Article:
Perceived differences never did have a bearing for supervisory authorities, and the same is true to this very day. It is concrete evidence of safety and reliability that counts. News of glitches and failures, combined with isolated cases of fraud at fintechs around the world, just go to show that accidents and misconduct cannot be eliminated through technology and a fresh appearance alone.
From a prudential vantage point, then, there is little to be gained from constructing an artificial distinction between innovative start-ups and established institutions as long as they both run the same business model. That is also why regulators and supervisors only have eyes for a business’s actual business model. If you’re engaged in banking business, say – that is, you take in deposits and grant loans – you’re going to be treated as a bank by supervisors. You’ll need a licence and be expected to satisfy supervisory standards. Whether a bank only appears on a smartphone screen or it is a well-established institution with a number of branches is neither here nor there. The same reasoning applies to the business activity of financial services institutions and payment institutions. So if a fintech in Germany remains exempt from supervision, that is simply because its business model contains nothing which, from today’s perspective, presents a risk that needs to be supervised by us. The notion of “same business, same risk, same rules” therefore remains the guiding principle for supervisors.
Let me now briefly touch upon the third digitalisation scenario I mentioned earlier: the desire for infinite freedom in financial services, too. A trendsetter some years ago in this regard was bitcoin – a virtual currency, made up entirely of bits and bytes and not managed or controlled by an external authority. Could the underlying idea, to use a computer program to make human interaction manipulation-proof and trustworthy, work across the entire financial community?
I would initially like to state that I regard technical innovations – the best-known of which are blockchain and the distributed ledger – as being highly sophisticated. If combined correctly, they make it impossible for anyone to forge a transaction, a contract or a document, and transactions can be settled in a matter of seconds. In that regard, blockchain can be very attractive as a business factor. It can replace, in part, onerous administrative procedures and external control mechanisms.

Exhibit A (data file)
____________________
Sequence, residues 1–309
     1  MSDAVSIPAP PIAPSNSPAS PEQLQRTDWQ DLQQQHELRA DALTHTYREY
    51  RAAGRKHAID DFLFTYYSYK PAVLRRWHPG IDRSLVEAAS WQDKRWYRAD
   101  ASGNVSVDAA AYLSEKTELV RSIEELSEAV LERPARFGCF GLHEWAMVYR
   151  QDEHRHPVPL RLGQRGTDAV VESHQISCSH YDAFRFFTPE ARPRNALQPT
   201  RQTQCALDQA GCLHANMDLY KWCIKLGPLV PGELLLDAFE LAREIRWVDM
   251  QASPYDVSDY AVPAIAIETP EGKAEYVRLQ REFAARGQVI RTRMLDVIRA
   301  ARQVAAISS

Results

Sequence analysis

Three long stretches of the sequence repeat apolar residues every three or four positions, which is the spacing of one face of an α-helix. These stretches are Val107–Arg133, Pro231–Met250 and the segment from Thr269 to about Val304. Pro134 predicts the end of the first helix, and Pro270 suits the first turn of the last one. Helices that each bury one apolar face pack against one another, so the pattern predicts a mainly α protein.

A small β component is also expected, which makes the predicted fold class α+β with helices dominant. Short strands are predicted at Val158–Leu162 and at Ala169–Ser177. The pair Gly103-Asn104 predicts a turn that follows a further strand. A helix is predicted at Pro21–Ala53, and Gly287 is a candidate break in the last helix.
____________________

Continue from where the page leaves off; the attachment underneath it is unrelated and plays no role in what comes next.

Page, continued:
But, once the initial excitement has dissipated, one thing becomes clear: there is nothing developing here which will exist outside the current financial system as an unregulated area. Of course, people can, and will, use “blockchains”. But, by the same token, people in the financial system of the future will also rely on the security afforded by our legal system. Financial questions are often existential, and by no means will it be possible to resolve every conflict by a ruling issued by a computer program. There is thus no doubt that technology will have to submit to the law. For banks, this means that they are permitted to use blockchain technology as long as this technology is in line with the legal framework and the bank’s management is willing to take responsibility for the risks of such applications.
My remarks should have made one thing clear regarding the question of “What is innovation in the digital banking industry?”: the extreme scenarios of digitalisation have largely converged towards the middle. These days, most companies are not concerned about reinventing the wheel but instead doing many things more practically, quickly and, in particular, more cost-effectively. The question is no longer “bank or fintech?” but programming interfaces and calculating costs. It is no longer a race to become the “most digital” bank or savings bank but to create an innovative – and therefore convincing – overall package.
Can banks be innovative?
Let me now come to the third question I asked in my introductory remarks: “Can banks be innovative?” In recent times, credit institutions have not exactly distinguished themselves as hotbeds of innovation – at least relative to fintechs. Though banks have, in the meantime, initiated their own innovations – up to now, fintechs have proven to be the drivers of digitalisation.